Chemical coating maker Cytec Industries Inc. said Tuesday it has agreed to sell its coating resins business to private equity firm Advent International for $1.03 billion. The Woodland Park, N.J.-based company said the sale will allow it to focus on its high-growth areas of advanced materials and separation technologies, boosting returns for its shareholders.
The expansion of the shale gas market could potentially drive significant benefits to the U.S. chemicals industry, including decreased raw material and energy costs, according to a new report by PwC. Another recent PwC report estimated that the potential impact of shale gas on U.S. manufacturing could enable U.S. manufacturers to lower their raw materials and energy costs as much as $11.6B annually by 2025.
With the deadline fast approaching, the race is on to keep BAE's mega-merger with EADS from hitting the ground. A stand-off between European governments over state shareholdings threatens to destroy the deal between the UK arms firm and Airbus parent as plans are made to give both sides extra time.
Sales of Japanese vehicles nosedived in China during September as anti-Japanese sentiment flared over a territorial dispute that threatens to hobble what was a booming business relationship between Japan and its biggest export market. Toyota Motor Corp. said Tuesday that sales of new vehicles in China dropped 48.9 percent in September from a year earlier.
A former high school athlete who was shot in 2003 may sue the companies that made and distributed the handgun used in the crime under an appellate court ruling that gun control advocates say will keep irresponsible gun makers and sellers from taking advantage of a federal law shielding them from lawsuits.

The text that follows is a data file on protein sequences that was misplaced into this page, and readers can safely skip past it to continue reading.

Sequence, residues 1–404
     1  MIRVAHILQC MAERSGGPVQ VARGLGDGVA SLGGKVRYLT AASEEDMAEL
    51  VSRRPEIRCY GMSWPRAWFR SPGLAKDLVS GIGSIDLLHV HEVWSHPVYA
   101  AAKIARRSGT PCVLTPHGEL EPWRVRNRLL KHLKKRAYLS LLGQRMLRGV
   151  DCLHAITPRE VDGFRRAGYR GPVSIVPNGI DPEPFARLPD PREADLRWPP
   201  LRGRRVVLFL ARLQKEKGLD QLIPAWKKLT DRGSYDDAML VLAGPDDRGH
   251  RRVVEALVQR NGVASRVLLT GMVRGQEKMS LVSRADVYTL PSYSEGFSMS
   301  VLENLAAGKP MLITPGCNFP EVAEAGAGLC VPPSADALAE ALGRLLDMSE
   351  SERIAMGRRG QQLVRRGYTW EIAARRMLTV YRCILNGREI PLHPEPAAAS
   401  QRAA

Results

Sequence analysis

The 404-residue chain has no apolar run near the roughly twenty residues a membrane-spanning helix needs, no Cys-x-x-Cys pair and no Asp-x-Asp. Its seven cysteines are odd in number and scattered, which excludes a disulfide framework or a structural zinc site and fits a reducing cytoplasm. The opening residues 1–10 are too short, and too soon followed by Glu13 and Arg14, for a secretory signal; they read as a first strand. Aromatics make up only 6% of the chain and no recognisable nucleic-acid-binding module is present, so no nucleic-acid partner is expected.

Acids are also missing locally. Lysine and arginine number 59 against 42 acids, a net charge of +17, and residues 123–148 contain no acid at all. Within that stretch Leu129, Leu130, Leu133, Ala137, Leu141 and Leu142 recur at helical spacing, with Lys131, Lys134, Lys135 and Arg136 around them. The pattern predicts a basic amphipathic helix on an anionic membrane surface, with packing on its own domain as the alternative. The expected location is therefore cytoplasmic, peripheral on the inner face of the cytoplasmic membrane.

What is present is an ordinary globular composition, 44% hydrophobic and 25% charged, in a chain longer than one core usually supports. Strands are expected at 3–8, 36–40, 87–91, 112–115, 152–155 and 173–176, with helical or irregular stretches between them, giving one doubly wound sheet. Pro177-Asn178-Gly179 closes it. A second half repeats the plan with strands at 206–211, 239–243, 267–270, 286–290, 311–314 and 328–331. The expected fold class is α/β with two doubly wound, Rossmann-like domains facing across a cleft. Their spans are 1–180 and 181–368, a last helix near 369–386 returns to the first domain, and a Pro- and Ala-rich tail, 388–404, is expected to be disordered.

A factory in Prescott that makes roofing materials marked the opening Monday of its $36 million expansion and addition of 100 new jobs. Firestone Building Products Co. consolidated work from a plant at Kingtree, S.C., with its modernized factory in Prescott.
Hewlett-Packard Co. would be better off breaking up into two separate companies instead of tormenting shareholders by pursuing a prolonged turnaround attempt, according to an industry analyst. UBS analyst Steven Milunovich concluded that HP should be split up after attending a management presentation that brought the company's challenges into sharper focus.
The plane that was formally delivered to Air India in a ceremony last week flew out of the Charleston International Airport on Monday. The plane is the first assembled at the Boeing assembly plant in North Charleston that opened more than a year ago. The plane, the 28th 787 manufactured by Boeing, made its maiden test flight over the Atlantic Ocean last spring.
Tool maker Stanley Black & Decker Inc. is selling its hardware and home improvement business to Spectrum Brands Holdings Inc. for $1.4 billion in cash. The hardware and home improvement unit makes locksets, hardware and faucets for residential use and includes brands such as Pfister, Baldwin and Kwikset.
The outlook for technical jobs has turned positive. According to The U.S. Bureau of Labor Statistic’s Occupational Outlook Handbook 2012-2013, growth in HVAC and electrical jobs will grow at two to three times the average growth forecasted and industrial plant technician jobs will grow at the average rate of 11 percent.